At legal fringe in Florida, empty houses go to the needy
NORTH LAUDERDALE, Fla. — Save Florida Homes Inc. and its owner, Mark Guerette, have found foreclosed homes for several needy families here in Broward County, and his tenants could not be more pleased. Fabian Ferguson, his wife and two children now live a two-bedroom home they have transformed from damaged and abandoned to full and cozy.
There is just one problem: Guerette is not the owner. Yet.
In a sign of the odd ingenuity that has grown from the real estate collapse, he is banking on an 1869 Florida statute that says the bundle of properties he has seized will be his if the owners do not claim them within seven years.
A version of the same law was used in the 1850s to claim possession of runaway slaves, although Guerette, 47, a clean-cut mortgage broker, sees his efforts as heroic.
“There are all these properties out there that could be used for good,” he said.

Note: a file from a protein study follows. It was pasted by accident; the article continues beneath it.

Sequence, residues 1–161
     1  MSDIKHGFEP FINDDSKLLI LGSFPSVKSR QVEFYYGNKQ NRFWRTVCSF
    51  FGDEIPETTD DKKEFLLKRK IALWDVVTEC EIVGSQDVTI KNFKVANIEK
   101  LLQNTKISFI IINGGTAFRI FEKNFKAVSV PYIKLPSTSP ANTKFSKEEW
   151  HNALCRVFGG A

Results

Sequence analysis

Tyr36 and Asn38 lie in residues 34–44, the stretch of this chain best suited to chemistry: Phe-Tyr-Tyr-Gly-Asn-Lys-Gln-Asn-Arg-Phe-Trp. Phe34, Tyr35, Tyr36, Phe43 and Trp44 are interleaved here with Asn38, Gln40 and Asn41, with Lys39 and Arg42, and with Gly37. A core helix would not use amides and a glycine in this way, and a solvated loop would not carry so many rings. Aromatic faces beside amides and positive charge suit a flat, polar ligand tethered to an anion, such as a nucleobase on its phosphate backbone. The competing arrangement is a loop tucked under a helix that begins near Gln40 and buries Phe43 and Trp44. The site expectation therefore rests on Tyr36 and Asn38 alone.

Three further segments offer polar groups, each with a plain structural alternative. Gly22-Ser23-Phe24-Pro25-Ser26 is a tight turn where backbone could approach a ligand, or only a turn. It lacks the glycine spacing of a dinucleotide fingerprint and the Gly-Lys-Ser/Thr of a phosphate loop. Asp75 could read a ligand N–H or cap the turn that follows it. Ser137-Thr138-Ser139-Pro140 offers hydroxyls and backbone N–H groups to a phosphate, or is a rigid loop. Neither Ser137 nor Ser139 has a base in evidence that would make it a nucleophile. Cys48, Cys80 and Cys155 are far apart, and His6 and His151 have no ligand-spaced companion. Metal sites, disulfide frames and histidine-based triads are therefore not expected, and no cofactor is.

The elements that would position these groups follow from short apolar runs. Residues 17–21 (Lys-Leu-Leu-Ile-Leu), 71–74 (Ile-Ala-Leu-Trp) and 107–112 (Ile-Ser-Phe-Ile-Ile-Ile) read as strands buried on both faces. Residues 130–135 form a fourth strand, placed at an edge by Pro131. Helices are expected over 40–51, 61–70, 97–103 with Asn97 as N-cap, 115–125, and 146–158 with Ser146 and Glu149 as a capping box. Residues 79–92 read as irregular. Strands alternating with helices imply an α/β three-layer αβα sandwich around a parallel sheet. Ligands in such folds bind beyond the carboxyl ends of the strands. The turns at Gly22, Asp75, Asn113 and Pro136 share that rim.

North Lauderdale authorities, though, see him as a crook. He is scheduled to go on trial in December on fraud charges in a case that, along with a handful of others in Florida and in other states, could determine whether maintaining a property and paying taxes on it is enough to lead to ownership.
Legal scholars say the concept is old — rooted in Renaissance England, when agricultural land would sometimes go fallow, left untended by long-lost heirs. But it is also common. All states allow for so-called adverse possession, with the time to forge a kind of common-law marriage with property varying from a few years to several decades.
The statute generally requires that properties be maintained openly and continuously.